As we embark on this year’s Devolution Conference, the words of Peter Kropotkin that; “True progress lies in the direction of decentralization, both territorial and functional, in the development of the spirit of local and personal initiative, and of free federation from the simple to the compound, in lieu of the present hierarchy from the center to the periphery.” ring a bell.
Devolution is the focal point of Kenya’s present day Constitution.
Devolution has opened up space and opportunity for self-governance and growth. Thus, there must be continuous showcasing, evaluation and assessment of the quality of governance under devolution. This is basically what the Devolution Conference envisages in line with Article 174 of our Constitution which spells out the values of Devolution. Every enquiry, every contribution and every critique to and/or on Devolution should be taken in the context of Devolution’s import rather than its failures which are basically lessons.
As Governors chosen to lead devolution to greater heights, we shouldn’t abrogate unto ourselves the responsibility of being the guardians or the custodians of Devolution. That would be hijacking Wanjiku’s primary role in the Devolution set up. Wanjiku should let own Devolution by being its guardian, attorney and custodian. Such ownership and bearing of responsibility is what will sustain Devolution. We are only Wanjiku’s choices to help steer her vision, mission and objectives.
To say devolution has been a smooth sail would be to negate the import of pragmatic dissection. Devolution has had its fair of challenges whilst its implementation has encountered several weaknesses whether structural, political, social or economic. But in a nutshell, Devolution’s hymn hasn’t been a dirge. Notable milestones have been achieved as even more greater projections are envisaged.
Since independence, Devolution can be termed as one of the most influential, touching, far reaching and progressive governance ideal ever conceived and actualized. It has brought governance and vibrant participation to the lowest grassroots level.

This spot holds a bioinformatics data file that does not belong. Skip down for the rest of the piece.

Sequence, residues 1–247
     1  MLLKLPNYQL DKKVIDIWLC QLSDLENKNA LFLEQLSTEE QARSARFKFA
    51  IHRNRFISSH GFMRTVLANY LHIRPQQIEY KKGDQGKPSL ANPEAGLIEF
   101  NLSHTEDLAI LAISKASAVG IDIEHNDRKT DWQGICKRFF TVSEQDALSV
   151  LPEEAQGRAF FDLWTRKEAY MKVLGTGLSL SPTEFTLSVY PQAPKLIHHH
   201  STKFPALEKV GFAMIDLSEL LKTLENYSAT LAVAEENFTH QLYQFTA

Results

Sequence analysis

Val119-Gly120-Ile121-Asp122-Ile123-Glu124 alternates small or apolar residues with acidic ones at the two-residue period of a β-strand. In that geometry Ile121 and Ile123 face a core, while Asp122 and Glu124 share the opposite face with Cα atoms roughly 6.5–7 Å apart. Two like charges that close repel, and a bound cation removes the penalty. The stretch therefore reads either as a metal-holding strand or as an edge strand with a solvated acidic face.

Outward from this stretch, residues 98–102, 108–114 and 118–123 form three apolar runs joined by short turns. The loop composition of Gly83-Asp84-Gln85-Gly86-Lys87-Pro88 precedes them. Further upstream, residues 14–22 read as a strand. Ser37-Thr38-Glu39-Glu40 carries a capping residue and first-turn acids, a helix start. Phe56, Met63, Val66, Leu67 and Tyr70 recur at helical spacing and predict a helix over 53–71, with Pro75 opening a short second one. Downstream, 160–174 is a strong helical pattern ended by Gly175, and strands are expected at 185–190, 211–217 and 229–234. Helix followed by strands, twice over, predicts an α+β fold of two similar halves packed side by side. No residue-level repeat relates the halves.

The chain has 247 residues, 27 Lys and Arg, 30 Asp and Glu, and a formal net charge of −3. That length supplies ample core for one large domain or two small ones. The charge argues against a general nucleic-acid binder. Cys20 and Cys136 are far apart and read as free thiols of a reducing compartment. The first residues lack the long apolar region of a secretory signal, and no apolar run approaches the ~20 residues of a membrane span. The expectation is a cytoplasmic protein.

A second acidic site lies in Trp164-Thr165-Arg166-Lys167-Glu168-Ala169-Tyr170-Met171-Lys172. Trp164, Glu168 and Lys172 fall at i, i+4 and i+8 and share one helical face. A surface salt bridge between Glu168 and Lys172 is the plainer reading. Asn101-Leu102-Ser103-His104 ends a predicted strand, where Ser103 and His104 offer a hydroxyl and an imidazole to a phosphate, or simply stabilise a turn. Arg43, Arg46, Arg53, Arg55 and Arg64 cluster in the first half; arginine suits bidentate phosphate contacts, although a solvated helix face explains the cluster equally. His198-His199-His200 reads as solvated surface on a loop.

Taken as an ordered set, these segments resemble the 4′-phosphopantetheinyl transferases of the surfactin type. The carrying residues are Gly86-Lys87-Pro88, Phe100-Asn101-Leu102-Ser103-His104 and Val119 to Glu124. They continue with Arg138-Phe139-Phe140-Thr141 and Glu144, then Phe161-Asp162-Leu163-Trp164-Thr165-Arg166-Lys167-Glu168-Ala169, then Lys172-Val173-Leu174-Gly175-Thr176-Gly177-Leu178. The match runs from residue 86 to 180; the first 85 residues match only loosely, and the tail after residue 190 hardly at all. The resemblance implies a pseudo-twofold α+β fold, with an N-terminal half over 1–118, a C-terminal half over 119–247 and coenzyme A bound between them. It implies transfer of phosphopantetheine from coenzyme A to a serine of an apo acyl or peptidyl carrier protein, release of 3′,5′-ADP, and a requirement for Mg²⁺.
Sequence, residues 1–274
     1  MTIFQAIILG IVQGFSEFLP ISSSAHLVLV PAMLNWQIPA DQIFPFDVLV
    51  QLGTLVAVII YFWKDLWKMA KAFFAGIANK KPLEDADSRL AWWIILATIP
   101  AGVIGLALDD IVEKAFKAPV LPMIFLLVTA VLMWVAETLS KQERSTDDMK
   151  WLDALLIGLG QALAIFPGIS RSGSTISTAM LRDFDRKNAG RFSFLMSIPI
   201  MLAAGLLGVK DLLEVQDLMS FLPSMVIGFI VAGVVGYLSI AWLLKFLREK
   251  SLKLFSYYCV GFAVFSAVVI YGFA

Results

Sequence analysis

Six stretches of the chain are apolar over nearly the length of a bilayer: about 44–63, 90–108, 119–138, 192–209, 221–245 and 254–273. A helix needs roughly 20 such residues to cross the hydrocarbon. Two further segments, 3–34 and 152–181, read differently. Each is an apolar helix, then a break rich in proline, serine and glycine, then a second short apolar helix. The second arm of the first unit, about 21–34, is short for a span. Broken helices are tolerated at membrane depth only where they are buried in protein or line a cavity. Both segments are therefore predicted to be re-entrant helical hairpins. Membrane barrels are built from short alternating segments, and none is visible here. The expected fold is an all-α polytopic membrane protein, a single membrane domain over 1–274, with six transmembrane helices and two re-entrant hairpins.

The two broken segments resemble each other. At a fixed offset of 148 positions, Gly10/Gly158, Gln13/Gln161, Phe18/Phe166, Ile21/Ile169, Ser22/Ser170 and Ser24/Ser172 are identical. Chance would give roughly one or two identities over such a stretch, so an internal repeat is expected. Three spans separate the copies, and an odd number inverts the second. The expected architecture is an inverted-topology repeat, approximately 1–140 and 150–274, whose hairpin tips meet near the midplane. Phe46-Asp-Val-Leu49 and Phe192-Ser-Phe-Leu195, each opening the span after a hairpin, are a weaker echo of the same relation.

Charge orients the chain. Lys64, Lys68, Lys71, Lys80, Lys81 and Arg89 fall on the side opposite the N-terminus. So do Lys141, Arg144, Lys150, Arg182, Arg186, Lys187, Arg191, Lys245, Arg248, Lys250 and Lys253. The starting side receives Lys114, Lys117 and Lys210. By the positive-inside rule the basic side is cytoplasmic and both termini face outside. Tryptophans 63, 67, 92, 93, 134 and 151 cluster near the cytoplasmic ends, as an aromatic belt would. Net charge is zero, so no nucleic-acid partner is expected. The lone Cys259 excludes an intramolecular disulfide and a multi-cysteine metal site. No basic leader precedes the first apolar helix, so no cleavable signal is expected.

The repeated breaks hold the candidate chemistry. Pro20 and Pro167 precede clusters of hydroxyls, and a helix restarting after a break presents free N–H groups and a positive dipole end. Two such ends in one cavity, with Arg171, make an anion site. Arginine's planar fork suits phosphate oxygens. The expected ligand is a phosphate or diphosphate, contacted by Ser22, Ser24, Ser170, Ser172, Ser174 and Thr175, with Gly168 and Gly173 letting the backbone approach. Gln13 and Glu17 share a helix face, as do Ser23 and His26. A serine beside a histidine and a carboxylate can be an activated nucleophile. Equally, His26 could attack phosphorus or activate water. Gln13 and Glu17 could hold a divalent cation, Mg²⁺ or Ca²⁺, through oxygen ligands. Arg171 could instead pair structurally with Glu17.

There being a national agenda, the Big 4, it is important for County Governments to marry their own blue prints with this for posterity and make development a structured collaborative effort. There is urgent need to establish an Office of Management and Budget within the Presidency to act as a Liaison Office between the Presidency and the Council on matters of administration of National Government budgets per County and checking the performance of National Government agencies within the Counties. This Office should also aim to foster linkages, collaborations and interactions.
The agricultural sector is touted as Devolution’s anchor. Therefore, its survival and progress signifies a lot to Devolution. There is great need for the development of a commodity fund for all crops. A sort of an insurance that helps reduce risks. There is also need to promote investments in nutritional health in food security component as a key measure to boost health and as a preventative health measure. Diversification is also a key appendage if Counties are to prosper. Value addition and crafting regulatory mechanisms that liberalize the sector more than regulate or strangle it is also key. The development of Metropolitan Agricultural Master plan is vital so as to help create a balance and linkages between urbanization and agriculture.
Our country’s industrial growth is very much dependent and/or pegged on how the devolved units perform and structure their own industrial agendas. If the Counties can help steer the SMEs within their jurisdictions to scale, then our dream of becoming an industrial economy will be on course. As a Council, we must come up with a radical SME policy that guides this. This policy must address key issues such as taxation, licensing, access to credit/funding, research, subsidies, financial literacy, capacity building among other factors. Also, there is a strategic need for the creation of County EPZs and regional SEZs to harness an industrial takeoff. These are ongoing and incubation industrial and technological hubs that seek to exploit favorable regulatory regime to enhance industrialization and employment within the Counties. Or maybe we can start the one county, one industry programme with each County identifying industries based on competitive advantage, opportunity cost and economies of scale.